A misogynist, he dismisses any contribution Catrin makes, despite her wages keeping them housed, allowing him to do exactly what he pleases. This includes bringing home a girl to share his bed while his so-called ‘wife’ is away, caught out when she arrives home unexpectedly.
For Catrin confronting his behaviour when she is not around is an enlightening wake up call. It’s a time when reality becomes expressly the realm of power, and she packs her bag and leaves him far behind.
Everyone else’s performances are punctuated and nuanced gloriously by Bill Nighy as Ambrose Hilliard who sparkles, is haughty, full of vanity and pride, a softy of a man really, one full of kindness who can do self-deprecating if he tries.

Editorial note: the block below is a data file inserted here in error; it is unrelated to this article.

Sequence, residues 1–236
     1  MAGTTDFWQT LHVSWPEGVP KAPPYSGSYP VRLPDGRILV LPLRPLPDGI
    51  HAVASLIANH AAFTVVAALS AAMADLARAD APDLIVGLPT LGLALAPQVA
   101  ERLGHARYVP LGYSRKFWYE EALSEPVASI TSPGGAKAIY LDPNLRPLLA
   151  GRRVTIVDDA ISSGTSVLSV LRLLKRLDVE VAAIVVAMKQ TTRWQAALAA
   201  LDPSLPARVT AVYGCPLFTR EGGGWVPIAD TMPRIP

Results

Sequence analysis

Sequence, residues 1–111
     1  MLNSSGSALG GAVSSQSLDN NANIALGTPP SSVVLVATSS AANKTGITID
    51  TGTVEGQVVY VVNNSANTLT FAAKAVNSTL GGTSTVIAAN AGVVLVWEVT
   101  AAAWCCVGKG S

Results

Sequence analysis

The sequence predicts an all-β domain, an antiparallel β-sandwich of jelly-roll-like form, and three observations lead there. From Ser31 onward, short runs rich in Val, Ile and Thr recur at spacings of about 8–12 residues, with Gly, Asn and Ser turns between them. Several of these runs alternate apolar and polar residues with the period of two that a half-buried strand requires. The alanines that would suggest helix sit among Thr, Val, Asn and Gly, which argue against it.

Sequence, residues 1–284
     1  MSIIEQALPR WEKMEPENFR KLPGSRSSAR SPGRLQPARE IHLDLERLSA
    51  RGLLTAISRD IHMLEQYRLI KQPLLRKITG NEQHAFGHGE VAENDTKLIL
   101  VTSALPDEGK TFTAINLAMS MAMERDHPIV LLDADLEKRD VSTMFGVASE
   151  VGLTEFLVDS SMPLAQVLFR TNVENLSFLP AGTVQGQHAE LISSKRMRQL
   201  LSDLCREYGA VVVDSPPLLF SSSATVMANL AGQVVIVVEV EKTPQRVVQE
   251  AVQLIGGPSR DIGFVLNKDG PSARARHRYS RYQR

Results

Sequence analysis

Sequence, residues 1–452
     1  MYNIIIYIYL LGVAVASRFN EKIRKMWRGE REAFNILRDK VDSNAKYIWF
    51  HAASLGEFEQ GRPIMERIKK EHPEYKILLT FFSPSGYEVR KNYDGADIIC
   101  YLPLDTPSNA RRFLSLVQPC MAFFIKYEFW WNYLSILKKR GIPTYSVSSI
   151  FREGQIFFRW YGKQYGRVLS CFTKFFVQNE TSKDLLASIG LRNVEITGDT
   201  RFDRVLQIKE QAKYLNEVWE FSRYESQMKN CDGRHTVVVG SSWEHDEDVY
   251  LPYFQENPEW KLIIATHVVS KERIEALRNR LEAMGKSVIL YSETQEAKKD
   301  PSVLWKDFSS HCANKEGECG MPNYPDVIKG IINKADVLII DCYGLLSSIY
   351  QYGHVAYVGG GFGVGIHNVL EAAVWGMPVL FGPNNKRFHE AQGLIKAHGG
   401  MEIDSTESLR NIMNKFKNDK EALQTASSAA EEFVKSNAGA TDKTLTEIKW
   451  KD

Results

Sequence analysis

His long time friend and agent from Poland Sammy Smith (Eddie Marsan) offer him career advice, until he is killed during an air raid. This is when his sister Sophie (Helen McCrory) takes over, injecting great zest into her and Ambrose’s fun and flirtatious scenes together.
The look on his face as Nighy reads the description of his character in the movie is entirely beguiling, as he says ‘a shipwreck of a man; 60s, looks older’ – it is all too delicious.
His colleague actor Jeremy Irons pops up too in a self-satirizing cameo, one that’s truly scrumptious. One of Nighy’s best moments come when Catrin puts him forward to the producers as the man to coach the ‘brave American’ Carl Lundbeck (Jack Lacy) who needs a lot of help.